• Jamie Foster University of Illinois at Chicago
  • Kristina Sawyer University of Illinois at Chicago
  • Carrie O'Connell University of Illinois at Chicago
  • Chad Van De Wiele University of Illinois at Chicago
  • Melina Garcia University of Illinois at Chicago
Keywords: human-machine communication, robotics, artificial intelligence, post-humanism


The proliferation of artificially intelligent robots and virtual agents raise practical, technological, and ethical considerations in the emerging area of human-machine communication (HMC) research. The topics in this panel span agriculture and environmentalism, gender and sexuality, collective identity and culture, memory and data migration, and relational development with social robots. The panel discusses ways in which technology serves as solutions to and causes of new transnational challenges for networked publics, as well as ways technology is supplanting what has historically been referred to as the “natural.” The goal of this panel is to demonstrate the diverse applications of robotics, as well as foster an open-mindset for reconceptualizing humanity in a post-human world. Specific panel presentations discuss: - Honeybee colony collapse in agriculture and artificial pollinators known as Robobees. - Industry recommendations for the development of ethical and successful caretaking robots for aging populations based on interpersonal communication scholarship. - Asymmetrical relationships and ethical implications of elevating sexbots to human status from the theoretical perspective of Rousseau’s natural self. - Digital interlocutors as scripted-selves that co-produce and standardize cultural norms. - Transference of human memory to cloud-based memory through voice commands as the foundation for algorithmic future-thinking. These research topics identify the importance and relevance of scholarship in the area of HMC and advocate for their inclusion in the conceptualization, prototyping, and creation of robotic and AI technologies. This panel offers an opportunity to engage in a necessary, provocative, and timely discussion about HMC and the role of critical scholarship in shaping technologies of the future.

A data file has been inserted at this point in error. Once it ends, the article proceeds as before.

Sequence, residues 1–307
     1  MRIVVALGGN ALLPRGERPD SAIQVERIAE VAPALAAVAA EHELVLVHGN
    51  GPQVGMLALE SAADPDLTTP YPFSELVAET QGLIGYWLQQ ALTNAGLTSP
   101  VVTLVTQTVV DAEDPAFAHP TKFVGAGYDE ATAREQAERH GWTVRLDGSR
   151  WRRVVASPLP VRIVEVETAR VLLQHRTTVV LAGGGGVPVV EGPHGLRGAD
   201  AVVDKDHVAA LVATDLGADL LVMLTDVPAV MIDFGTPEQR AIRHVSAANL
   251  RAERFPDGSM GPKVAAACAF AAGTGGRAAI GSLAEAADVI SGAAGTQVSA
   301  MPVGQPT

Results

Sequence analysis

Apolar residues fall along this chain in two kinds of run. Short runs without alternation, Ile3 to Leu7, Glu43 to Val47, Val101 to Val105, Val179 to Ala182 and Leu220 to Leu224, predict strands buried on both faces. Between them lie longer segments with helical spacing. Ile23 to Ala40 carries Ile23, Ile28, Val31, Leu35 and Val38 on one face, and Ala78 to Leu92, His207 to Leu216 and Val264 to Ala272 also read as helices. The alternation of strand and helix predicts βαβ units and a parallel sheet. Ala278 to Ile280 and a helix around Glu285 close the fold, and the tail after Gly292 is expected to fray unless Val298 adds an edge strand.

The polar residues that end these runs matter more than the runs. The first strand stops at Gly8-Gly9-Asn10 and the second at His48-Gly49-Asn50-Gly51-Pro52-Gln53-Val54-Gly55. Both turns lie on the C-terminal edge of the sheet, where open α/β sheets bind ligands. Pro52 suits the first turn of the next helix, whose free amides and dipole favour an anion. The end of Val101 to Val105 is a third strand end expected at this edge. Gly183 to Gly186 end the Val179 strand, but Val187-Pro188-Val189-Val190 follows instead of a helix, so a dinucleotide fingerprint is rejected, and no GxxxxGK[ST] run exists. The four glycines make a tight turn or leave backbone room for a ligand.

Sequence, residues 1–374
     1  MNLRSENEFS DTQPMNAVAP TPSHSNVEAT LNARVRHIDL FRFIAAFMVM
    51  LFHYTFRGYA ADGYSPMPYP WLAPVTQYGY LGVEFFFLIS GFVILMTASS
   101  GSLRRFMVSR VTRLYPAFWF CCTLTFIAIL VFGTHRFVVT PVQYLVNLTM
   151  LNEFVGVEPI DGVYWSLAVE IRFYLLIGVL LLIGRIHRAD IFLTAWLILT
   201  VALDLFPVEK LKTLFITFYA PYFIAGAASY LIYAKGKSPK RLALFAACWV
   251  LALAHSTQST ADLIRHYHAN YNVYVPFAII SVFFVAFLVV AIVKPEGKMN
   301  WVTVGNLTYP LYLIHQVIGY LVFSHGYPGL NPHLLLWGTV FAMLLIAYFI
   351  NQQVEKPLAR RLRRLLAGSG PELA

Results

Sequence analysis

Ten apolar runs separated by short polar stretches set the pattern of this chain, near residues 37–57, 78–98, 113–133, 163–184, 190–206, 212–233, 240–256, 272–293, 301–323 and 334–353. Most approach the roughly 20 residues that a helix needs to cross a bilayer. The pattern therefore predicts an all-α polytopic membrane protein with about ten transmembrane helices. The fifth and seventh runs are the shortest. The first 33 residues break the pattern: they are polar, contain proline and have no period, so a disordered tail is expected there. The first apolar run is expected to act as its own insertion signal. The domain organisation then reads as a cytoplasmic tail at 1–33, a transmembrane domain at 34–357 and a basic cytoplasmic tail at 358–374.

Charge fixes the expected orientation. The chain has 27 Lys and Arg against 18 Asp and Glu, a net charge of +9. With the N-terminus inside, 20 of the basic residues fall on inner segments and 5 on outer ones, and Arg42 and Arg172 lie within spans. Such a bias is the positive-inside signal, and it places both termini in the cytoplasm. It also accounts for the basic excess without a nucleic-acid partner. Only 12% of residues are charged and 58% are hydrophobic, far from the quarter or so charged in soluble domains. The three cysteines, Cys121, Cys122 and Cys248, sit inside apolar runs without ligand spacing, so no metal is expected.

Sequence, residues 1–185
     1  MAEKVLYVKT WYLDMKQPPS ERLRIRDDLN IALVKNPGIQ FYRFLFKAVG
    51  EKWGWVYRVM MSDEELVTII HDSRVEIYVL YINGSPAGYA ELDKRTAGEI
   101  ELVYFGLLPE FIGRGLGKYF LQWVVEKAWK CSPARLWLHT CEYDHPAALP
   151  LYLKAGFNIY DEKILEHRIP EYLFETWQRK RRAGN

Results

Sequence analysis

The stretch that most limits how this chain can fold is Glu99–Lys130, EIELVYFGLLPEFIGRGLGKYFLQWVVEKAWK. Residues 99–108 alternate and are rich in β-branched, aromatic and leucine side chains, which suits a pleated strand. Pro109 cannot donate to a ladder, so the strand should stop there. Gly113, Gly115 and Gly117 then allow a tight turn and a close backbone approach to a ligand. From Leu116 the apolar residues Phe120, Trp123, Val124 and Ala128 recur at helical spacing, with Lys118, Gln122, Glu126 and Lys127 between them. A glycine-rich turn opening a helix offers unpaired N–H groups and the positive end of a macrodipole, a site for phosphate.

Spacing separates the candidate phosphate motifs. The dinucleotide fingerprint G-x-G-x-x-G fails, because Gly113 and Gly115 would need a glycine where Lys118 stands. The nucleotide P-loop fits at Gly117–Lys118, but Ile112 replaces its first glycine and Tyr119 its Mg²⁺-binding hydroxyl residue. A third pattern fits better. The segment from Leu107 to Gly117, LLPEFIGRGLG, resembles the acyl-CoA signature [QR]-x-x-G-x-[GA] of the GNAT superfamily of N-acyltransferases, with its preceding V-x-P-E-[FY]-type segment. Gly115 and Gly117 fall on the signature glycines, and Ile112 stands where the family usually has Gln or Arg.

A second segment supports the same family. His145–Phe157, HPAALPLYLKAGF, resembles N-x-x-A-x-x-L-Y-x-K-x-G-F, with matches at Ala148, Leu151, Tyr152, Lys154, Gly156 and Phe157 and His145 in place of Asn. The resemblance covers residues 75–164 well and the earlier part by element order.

How to Cite
Foster, J., Sawyer, K., O’Connell, C., Van De Wiele, C., & Garcia, M. (2018). TRANSNATIONAL AND POST HUMANISTIC PERSPECTIVES ON HUMAN-MACHINE COMMUNICATION. AoIR Selected Papers of Internet Research, 2018.